How to choose the right tense in English
English has a lot of tenses, 12 to be precise.
Not only that, but certain tenses sound similar to each other (have done or have been doing? asked or have asked?), which makes it tricky to choose the right tense.
To help you out, we’ve compared and contrasted the most common tenses to help you avoid typical mistakes.
Click on the links below for a detailed tense comparison, key signal words and exercises where you can practise the difference.
Simple present expresses repeated actions; present progressive expresses actions that are currently in progress at the moment of speaking.
- I normally drive to work but today I’m taking the bus.
Simple present expresses facts and repeated actions in the present; present perfect progressive tells us how long an action has been ongoing up to now.
- I live in London. I have been living here for 3 years.
Present perfect simple tells us whether or not something happened up to now; present perfect progressive tells us how long an action has been ongoing up to now.
- I have already done my homework.
- I have been doing my homework for two hours.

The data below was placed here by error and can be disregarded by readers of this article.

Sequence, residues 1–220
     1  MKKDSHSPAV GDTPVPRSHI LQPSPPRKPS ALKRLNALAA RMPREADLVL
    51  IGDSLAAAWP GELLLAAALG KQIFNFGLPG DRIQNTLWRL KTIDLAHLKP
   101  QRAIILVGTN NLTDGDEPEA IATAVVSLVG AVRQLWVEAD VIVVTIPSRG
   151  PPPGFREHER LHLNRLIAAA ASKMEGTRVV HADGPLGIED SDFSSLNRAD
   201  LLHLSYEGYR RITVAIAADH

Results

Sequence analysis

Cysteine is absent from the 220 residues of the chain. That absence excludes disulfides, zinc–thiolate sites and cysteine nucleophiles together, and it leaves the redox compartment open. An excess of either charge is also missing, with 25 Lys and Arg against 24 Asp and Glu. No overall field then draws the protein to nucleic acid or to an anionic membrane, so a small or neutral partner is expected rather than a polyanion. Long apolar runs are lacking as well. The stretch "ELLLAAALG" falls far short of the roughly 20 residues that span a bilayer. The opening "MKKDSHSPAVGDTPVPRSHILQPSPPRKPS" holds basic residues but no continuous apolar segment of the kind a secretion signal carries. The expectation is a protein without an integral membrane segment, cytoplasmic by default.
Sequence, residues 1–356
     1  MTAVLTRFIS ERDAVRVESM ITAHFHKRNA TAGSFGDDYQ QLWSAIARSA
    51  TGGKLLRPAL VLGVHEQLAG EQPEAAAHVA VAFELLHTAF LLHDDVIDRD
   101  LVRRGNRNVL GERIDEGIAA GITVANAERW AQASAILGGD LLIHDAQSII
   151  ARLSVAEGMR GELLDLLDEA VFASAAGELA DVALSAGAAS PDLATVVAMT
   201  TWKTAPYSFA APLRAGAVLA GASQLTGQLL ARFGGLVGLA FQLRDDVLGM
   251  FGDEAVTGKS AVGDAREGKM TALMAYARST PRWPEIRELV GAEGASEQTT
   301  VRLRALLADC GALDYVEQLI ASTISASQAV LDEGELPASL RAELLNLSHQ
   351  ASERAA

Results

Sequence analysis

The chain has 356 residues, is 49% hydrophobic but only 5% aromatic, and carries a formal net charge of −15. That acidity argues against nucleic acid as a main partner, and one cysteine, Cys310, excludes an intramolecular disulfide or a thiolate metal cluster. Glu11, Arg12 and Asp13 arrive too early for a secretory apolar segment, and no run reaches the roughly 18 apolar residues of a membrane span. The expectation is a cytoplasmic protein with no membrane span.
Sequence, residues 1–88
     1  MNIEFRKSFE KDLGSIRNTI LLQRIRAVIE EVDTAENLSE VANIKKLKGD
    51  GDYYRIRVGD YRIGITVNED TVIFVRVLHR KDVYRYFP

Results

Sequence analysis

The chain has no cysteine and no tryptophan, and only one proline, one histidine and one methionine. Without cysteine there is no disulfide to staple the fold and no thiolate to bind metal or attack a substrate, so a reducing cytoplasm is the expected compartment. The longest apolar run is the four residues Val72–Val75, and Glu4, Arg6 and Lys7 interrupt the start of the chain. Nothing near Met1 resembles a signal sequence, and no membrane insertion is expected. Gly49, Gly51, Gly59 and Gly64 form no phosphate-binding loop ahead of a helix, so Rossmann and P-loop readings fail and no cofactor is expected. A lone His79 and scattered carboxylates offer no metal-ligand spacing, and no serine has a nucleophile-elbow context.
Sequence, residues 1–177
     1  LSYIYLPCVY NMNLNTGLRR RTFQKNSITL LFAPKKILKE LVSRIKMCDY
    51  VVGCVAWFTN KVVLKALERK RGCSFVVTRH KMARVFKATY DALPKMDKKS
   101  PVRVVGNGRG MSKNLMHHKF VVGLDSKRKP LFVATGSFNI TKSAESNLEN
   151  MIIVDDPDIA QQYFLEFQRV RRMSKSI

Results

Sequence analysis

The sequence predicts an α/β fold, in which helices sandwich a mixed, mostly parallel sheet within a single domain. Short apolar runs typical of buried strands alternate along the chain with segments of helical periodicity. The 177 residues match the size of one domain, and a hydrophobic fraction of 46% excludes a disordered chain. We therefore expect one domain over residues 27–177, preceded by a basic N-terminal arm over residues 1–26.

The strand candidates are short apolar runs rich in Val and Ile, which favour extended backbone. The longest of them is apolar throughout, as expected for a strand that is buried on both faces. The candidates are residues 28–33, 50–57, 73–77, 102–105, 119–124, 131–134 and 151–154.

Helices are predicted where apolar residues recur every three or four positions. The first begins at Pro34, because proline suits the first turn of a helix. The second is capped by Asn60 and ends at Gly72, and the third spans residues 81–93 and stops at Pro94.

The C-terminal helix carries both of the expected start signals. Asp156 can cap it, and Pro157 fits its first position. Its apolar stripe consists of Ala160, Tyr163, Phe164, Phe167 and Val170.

Simple past introduces the action of a story; past progressive expresses the background situation that was already in progress.
- I was doing my homework when my friends came to see me.
Simple past tells us when an action happened and is used with specific time markers; present perfect simple only tells us whether or not an action occurred up to now.
- He travelled to New York last week.
- I have travelled to New York several times.
- we don’t know when
Simple past expresses sequential past actions that happened one after another; past perfect looks further back and indicates what happened before an action in the simple past.
- The teacher corrected the tests that we had written.
There are four present tenses in English each with a different function.
- I am studying for a test. I have been studying for an hour, but I don’t remember what I have learned.
There are four past tenses in English and each one has a different purpose.
- I was studying for a test when a friend I had met at the summer camp phoned me.
There are four future tenses in English grammar. Some are interchangeable and some aren’t.
- The train leaves in ten minutes. We will have to hurry up or we are going to miss the train.